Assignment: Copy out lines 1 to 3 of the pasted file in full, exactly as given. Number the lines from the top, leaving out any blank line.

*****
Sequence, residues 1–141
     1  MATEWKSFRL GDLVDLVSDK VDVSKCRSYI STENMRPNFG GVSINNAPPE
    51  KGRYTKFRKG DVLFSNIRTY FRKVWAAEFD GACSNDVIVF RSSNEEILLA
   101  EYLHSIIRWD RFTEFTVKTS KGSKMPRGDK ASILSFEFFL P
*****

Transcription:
Sequence, residues 1–141
     1  MATEWKSFRL GDLVDLVSDK VDVSKCRSYI STENMRPNFG GVSINNAPPE
    51  KGRYTKFRKG DVLFSNIRTY FRKVWAAEFD GACSNDVIVF RSSNEEILLA